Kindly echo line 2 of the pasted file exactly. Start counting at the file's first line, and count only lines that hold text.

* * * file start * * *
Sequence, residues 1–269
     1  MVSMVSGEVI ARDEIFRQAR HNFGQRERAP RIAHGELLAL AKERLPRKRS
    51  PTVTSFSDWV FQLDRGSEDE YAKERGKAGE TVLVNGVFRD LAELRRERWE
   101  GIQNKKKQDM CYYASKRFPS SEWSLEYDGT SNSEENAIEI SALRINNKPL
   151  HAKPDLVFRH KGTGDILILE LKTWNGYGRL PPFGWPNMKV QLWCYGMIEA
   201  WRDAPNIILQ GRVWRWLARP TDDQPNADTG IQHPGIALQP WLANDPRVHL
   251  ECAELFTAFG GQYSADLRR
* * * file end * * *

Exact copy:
     1  MVSMVSGEVI ARDEIFRQAR HNFGQRERAP RIAHGELLAL AKERLPRKRS